Saturday, September 06, 2014

USS Ross Arrives in Romania

By U.S. Naval Forces Europe-Africa/U.S. 6th Fleet Public Affairs

CONSTANTA, Romania (NNS) -- The Arleigh Burke-class guided-missile destroyer USS Ross (DDG 71) arrived in Constanta, Romania, for a scheduled port visit, Sept. 5.

Ross' presence in Romania reaffirms the United States' commitment to strengthening ties with NATO allies and partners, while working toward mutual goals of promoting peace and stability in the region.

"Our visit to Romania is so much more than just a port call," said Cmdr. Tadd Gorman, commanding officer of Ross. "A ship's primary mission is not just at-sea training and maintaining warfighting readiness, but we also have a unique opportunity to meet new people and build relationships."

This is Ross' first port visit since beginning her patrol in the Black Sea. While in Constanta, Sailors will be engaging with their Romanian counterparts and hosting dinners for guests and dignitaries.

"I have never been in the Black Sea before, and now getting to experience some of the Eastern European culture is just a fantastic opportunity," said Boatswain's Mate Seaman Brett Ragan.

Ross, forward deployed to Rota, Spain, is conducting naval operations in the U.S. 6th Fleet area of operations in support of U.S. national security interests in Europe.

U.S. 6th Fleet, headquartered in Naples, Italy, conducts the full spectrum of joint and naval operations, often in concert with allied, joint, and interagency partners, in order to advance U.S. national interests and security and stability in Europe and Africa.

U.S. Naval Academy Hosts Judo Champion

By Mass Communications Specialist 2nd Class Tyler Caswell

ANNAPOLIS, Md. (NNS) -- The United States Naval Academy (USNA) Judo Club hosted Asian Judo Championship gold medalist, Mr. Gaku Fujii, Sept. 5.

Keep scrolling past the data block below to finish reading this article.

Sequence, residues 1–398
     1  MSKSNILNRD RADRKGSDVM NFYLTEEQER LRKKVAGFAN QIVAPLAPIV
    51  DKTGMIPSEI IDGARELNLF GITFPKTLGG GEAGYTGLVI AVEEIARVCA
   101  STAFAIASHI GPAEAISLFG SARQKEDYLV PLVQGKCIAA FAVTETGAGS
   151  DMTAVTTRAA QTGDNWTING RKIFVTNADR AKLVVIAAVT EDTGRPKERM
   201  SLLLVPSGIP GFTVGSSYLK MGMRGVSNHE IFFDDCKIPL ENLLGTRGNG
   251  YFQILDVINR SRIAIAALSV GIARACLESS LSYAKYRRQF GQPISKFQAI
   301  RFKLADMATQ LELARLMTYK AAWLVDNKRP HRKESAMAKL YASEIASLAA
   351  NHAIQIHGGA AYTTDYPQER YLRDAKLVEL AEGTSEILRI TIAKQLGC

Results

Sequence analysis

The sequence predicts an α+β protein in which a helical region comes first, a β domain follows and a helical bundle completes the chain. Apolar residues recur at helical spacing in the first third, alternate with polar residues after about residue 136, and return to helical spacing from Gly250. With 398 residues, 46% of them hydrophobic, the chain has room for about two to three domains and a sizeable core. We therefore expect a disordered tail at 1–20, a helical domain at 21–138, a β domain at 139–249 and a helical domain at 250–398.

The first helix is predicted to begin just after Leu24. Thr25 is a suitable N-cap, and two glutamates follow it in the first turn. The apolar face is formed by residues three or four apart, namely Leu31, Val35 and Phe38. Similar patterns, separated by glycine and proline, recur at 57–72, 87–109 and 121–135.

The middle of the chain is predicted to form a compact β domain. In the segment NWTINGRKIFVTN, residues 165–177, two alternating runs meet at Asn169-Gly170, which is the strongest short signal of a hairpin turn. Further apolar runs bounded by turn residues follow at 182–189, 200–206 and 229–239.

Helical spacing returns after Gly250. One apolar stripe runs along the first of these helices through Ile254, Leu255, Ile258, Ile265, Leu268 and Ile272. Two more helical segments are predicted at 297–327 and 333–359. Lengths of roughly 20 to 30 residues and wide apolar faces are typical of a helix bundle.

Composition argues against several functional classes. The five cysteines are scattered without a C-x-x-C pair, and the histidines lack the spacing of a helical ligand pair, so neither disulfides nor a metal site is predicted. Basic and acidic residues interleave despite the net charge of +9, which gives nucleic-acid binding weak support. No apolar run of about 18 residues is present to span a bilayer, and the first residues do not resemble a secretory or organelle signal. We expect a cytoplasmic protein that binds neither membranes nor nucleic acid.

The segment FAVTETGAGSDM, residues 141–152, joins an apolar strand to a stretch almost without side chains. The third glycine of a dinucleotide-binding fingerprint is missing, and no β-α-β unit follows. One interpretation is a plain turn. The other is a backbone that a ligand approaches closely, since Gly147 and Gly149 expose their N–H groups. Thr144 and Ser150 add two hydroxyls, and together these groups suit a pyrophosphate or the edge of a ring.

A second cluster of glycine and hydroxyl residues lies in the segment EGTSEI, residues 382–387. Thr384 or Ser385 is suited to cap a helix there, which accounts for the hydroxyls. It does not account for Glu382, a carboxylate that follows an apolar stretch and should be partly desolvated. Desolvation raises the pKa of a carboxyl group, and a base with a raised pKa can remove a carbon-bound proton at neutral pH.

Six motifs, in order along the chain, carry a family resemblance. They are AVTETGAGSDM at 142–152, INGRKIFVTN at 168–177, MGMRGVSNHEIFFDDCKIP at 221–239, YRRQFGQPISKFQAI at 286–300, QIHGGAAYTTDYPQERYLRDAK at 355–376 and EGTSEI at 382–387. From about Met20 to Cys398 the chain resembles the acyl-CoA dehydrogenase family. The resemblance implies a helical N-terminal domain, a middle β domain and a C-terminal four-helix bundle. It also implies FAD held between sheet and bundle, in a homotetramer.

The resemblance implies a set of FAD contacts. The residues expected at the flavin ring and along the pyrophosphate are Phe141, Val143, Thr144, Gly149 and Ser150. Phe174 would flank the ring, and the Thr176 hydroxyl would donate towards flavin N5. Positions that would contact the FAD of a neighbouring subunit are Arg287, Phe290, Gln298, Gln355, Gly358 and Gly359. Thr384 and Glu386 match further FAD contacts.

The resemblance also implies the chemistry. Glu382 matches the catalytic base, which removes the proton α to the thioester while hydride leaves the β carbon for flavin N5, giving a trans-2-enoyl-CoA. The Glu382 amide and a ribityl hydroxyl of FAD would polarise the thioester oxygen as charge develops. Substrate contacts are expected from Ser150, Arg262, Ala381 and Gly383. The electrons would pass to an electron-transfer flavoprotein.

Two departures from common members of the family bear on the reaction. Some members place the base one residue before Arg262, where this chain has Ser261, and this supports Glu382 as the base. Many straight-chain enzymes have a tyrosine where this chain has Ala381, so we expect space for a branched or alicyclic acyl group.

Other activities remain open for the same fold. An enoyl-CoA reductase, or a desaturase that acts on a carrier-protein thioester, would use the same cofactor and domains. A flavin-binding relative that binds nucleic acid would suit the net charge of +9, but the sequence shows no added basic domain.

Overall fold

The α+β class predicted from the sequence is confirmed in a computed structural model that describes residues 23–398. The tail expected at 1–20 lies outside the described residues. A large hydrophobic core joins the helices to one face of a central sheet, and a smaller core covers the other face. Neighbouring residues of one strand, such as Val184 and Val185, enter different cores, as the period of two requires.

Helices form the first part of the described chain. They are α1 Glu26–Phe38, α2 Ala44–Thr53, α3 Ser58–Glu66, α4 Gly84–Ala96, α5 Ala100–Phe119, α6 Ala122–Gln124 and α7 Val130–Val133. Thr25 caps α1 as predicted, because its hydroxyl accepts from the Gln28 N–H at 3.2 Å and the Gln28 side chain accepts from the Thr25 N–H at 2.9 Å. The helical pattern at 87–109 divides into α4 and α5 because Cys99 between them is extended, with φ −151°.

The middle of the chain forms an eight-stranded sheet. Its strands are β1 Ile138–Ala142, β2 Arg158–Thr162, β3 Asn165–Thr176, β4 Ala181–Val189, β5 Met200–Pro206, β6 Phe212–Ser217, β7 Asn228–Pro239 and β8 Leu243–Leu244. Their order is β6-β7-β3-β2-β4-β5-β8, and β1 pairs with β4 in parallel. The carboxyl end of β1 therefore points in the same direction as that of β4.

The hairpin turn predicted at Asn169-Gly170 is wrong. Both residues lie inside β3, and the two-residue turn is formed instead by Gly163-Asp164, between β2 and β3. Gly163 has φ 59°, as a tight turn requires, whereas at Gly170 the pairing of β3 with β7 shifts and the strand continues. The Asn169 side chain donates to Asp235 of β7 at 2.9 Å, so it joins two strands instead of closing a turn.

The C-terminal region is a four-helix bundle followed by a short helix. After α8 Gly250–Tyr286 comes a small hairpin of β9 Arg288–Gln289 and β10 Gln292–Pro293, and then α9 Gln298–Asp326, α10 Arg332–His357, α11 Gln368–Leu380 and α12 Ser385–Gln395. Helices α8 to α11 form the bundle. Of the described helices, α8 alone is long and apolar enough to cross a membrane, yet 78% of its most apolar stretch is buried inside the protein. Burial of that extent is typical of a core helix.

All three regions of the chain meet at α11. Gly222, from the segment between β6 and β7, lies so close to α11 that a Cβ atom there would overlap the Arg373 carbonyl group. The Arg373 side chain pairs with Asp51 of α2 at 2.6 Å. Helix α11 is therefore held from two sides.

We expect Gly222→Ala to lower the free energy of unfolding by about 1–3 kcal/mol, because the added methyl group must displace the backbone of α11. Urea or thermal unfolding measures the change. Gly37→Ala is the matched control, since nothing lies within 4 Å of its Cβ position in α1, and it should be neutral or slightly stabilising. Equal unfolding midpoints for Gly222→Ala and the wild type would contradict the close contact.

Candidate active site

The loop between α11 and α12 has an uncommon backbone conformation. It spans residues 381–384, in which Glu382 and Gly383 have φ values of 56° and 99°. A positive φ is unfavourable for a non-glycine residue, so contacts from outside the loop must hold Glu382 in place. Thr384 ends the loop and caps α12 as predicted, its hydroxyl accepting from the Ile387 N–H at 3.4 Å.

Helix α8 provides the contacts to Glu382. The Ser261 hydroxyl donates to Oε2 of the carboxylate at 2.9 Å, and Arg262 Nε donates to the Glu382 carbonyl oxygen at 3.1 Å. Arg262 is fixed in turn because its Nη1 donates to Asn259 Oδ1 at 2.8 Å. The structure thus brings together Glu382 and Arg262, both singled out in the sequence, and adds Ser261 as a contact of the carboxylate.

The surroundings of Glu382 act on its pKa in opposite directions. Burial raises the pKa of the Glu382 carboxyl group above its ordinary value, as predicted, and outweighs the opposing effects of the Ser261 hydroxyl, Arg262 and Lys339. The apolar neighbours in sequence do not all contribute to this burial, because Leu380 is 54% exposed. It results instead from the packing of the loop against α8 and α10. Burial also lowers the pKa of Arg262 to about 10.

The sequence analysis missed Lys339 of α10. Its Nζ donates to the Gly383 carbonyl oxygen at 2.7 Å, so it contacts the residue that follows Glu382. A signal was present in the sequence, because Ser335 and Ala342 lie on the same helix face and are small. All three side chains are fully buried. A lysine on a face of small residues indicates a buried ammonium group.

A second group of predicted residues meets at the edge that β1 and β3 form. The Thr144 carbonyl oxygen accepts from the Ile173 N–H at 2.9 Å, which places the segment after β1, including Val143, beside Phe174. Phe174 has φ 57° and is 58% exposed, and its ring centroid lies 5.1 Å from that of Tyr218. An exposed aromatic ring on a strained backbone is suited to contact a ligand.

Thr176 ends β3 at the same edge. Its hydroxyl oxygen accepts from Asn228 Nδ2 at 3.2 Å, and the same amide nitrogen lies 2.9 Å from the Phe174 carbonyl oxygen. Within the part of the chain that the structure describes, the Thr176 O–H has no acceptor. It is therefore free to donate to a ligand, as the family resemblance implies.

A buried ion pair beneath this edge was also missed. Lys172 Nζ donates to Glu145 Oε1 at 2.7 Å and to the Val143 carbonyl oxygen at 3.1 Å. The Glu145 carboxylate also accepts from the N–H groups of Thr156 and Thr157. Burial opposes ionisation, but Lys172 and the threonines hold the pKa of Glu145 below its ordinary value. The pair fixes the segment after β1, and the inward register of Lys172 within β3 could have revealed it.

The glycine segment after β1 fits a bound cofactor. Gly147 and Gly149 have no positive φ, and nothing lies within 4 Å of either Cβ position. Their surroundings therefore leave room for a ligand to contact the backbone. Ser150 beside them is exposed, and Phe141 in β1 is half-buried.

Fujii was invited to the USNA as part of Judo education solidarity foundation sponsor program organized by Sensei Yashuharo Yamashita. The USNA Judo Club sponsors recognized Judo martial artists, and holds martial arts training throughout the academic year.

"Over the last 40 years, the program has been gaining momentum to what it is now," said Fujii. "I am grateful to be sponsored as the 4th Judo representative from Japan to help to instruct these students."

Established prior to World War II, the Judo club has a long-standing history at the academy.

"Over a hundred years ago, Judo was brought to the United States and it was brought here to the Naval Academy," said Fujii.

The history of judo in the Navy goes back to 1905 when Yoshitsugu Yamashita, a pioneer of judo in the United States, having taught President Theodore Roosevelt in the White House, arrived at the Naval Academy to perform a demonstration. The academy was so impressed with the display, that Yamashita was hired to teach judo classes to Midshipmen, making it one of the oldest sports at the academy.

"Between then and now there was war and the Judo program slipped to the side," said Fujii.